The Seven Basic Plots: Why We Tell Stories

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Continuum, 2004 - Literary Criticism - 728 pages
33 Reviews
From The Epic of Gilgemesh to Jaws and Schindler's List, Christopher Booker examines in detail the stories that underlie literature and the plots that are basic to story telling through the ages. In this magisterial work he examines the plots of films, opera libretti and the contemporary novel and short story. Underlying the stories he examines are Seven Basic Plots: rags to riches; the quest; voyage and return; the hero as monster; rebirth and so on. Booker shows that the images and stories serve a far deeper and more significant purpose in our lives than we have realised. In the definition of these basic plots, Booker shows us we are entering a realm in which the recognition of the plots proves only to be the gateway. We are in fact uncovering a kind of hidden universal language: a nucleus of situations and figures which are the very stuff from which stories are made. With Booker's exploration, there is literally no story in the world which cannot be seen in a new light: we have come to the heart of what stories are about and why we tell them. Here, Christopher Booker moves on from some of the themes he outlined in his hugely bestselling book The Neophiliacs. Seven Basic Plots is unquestionably his most important book to date.

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Review: The Seven Basic Plots: Why We Tell Stories

User Review  - Surin - Goodreads

A very good introduction to the concept of plot and character archetypes. As a person who has a great interest in Jungian Psychology it was interesting to see how the author was able to intepret the ... Read full review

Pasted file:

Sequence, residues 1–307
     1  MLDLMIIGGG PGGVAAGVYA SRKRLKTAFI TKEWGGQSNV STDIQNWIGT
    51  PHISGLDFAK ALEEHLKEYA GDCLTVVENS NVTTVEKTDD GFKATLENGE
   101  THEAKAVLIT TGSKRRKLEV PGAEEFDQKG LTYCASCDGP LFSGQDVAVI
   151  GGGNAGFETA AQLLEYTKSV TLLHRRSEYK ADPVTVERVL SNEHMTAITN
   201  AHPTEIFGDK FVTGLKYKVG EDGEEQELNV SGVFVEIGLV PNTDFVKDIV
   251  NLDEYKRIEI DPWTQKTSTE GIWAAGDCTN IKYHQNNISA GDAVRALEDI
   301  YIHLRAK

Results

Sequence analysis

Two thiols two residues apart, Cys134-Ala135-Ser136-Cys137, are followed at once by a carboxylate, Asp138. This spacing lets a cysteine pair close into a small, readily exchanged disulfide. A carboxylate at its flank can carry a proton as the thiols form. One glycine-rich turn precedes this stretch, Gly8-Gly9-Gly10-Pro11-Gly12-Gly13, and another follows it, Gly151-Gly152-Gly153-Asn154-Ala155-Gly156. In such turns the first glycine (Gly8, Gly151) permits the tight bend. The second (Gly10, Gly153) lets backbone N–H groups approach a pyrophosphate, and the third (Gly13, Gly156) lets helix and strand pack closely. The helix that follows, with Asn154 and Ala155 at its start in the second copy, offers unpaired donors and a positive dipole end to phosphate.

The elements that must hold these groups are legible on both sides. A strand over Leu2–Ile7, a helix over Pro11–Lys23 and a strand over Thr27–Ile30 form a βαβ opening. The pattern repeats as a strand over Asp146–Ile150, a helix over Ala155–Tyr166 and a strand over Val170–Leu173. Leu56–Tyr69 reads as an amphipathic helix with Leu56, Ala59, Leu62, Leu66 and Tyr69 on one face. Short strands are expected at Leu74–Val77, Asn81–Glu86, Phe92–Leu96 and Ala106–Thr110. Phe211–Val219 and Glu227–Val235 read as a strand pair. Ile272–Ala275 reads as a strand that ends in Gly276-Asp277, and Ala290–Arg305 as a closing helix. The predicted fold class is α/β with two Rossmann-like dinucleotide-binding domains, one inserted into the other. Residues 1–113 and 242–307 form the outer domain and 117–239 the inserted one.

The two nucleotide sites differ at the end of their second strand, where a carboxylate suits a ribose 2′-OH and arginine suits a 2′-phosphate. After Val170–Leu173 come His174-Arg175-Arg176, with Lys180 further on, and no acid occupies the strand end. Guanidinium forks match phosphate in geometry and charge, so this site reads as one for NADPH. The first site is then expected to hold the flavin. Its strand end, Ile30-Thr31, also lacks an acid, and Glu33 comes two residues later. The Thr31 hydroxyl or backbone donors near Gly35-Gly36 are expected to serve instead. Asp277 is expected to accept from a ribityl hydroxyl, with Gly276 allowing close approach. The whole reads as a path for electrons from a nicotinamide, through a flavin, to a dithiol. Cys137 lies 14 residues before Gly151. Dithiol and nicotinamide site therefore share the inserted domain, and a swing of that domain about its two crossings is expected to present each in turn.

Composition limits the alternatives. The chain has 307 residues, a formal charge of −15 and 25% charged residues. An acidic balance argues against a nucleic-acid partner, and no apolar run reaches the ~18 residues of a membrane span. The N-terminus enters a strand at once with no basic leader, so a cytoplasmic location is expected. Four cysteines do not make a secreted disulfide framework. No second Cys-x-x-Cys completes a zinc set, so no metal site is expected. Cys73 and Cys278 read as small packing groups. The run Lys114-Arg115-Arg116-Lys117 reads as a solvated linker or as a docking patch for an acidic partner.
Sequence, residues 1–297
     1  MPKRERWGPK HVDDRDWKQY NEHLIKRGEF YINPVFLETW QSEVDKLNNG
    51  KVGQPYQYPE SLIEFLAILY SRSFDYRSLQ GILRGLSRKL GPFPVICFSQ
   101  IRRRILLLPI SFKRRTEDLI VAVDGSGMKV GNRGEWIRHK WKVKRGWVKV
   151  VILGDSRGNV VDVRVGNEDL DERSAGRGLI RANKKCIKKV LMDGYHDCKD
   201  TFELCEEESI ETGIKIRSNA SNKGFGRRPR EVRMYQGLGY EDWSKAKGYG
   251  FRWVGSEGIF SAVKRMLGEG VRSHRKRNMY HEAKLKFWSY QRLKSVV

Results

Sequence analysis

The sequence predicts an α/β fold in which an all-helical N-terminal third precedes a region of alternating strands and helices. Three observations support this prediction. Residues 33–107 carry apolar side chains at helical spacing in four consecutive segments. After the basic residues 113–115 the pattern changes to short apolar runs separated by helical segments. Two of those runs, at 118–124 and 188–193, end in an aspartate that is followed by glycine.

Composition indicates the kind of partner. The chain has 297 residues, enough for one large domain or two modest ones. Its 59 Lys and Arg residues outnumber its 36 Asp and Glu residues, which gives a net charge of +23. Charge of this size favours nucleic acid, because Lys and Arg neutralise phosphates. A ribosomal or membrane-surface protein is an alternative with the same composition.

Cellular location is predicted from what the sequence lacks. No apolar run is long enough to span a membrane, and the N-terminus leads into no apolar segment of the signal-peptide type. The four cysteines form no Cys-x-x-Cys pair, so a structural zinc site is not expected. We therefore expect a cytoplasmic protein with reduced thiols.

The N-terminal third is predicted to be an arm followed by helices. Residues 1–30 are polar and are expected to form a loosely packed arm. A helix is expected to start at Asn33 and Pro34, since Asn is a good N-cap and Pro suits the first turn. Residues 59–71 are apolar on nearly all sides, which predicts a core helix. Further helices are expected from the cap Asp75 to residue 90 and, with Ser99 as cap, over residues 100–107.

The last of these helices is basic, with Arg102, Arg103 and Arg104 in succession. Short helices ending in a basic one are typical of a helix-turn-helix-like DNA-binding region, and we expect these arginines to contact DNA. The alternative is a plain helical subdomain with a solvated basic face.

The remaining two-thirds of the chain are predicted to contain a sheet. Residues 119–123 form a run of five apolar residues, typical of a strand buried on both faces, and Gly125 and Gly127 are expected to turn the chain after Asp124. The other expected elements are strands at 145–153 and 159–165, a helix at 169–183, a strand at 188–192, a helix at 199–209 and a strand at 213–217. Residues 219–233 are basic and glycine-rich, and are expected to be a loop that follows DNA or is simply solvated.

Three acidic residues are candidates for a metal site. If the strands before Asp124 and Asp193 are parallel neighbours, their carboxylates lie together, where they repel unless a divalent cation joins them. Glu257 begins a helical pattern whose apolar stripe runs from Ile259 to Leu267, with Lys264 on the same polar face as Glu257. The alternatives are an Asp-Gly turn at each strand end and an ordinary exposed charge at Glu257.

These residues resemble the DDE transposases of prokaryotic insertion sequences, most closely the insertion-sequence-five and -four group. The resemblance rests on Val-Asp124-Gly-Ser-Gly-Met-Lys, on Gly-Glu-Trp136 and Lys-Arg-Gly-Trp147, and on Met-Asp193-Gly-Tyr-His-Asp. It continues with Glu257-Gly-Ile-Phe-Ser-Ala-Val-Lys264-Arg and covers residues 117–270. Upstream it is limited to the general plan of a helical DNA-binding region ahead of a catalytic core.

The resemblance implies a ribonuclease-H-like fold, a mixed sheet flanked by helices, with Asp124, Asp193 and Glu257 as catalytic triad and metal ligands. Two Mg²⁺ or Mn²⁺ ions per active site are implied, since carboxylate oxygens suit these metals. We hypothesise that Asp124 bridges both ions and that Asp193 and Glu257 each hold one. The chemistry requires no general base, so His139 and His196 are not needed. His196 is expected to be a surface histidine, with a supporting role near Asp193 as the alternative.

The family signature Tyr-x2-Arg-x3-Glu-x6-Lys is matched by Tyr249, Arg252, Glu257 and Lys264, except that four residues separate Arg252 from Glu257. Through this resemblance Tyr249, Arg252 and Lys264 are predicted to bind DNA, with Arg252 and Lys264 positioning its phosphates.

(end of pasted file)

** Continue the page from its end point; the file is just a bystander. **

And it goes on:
Review: The Seven Basic Plots: Why We Tell Stories

User Review  - عبدالله السعيدي - Goodreads

A recurring theme throughout the literary cannon is the quest. The quest manifests itself in renowned tales such as Homer's Odyssey, Dante's Divine Comedy, and popular contemporary works like JRR ... Read full review

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About the author (2004)

As a noted commentator on the political, social and psychological history of our time, Christopher Booker has in recent years, through his weekly Sunday Telegraph column, become the most conspicuous 'global warming sceptic' in the British press. He has based his view on exhaustive research into the scientific evidence for and against the theory of 'man-made climate change'.

His professional interest in this issue grew out of research for his previous book Scared To Death, co-written with Dr Richard North, a study of the 'scare phenomenon' which has been such a prominent feature of Western life in recent decades. Booker's other recent books have included The Seven Basic Plots, a best-selling analysis of why we tell stories which has established itself as a standard text (also published by Continuum). He has been an author and journalist for nearly 50 years, and was the founding editor of the satirical magazine Private Eye.

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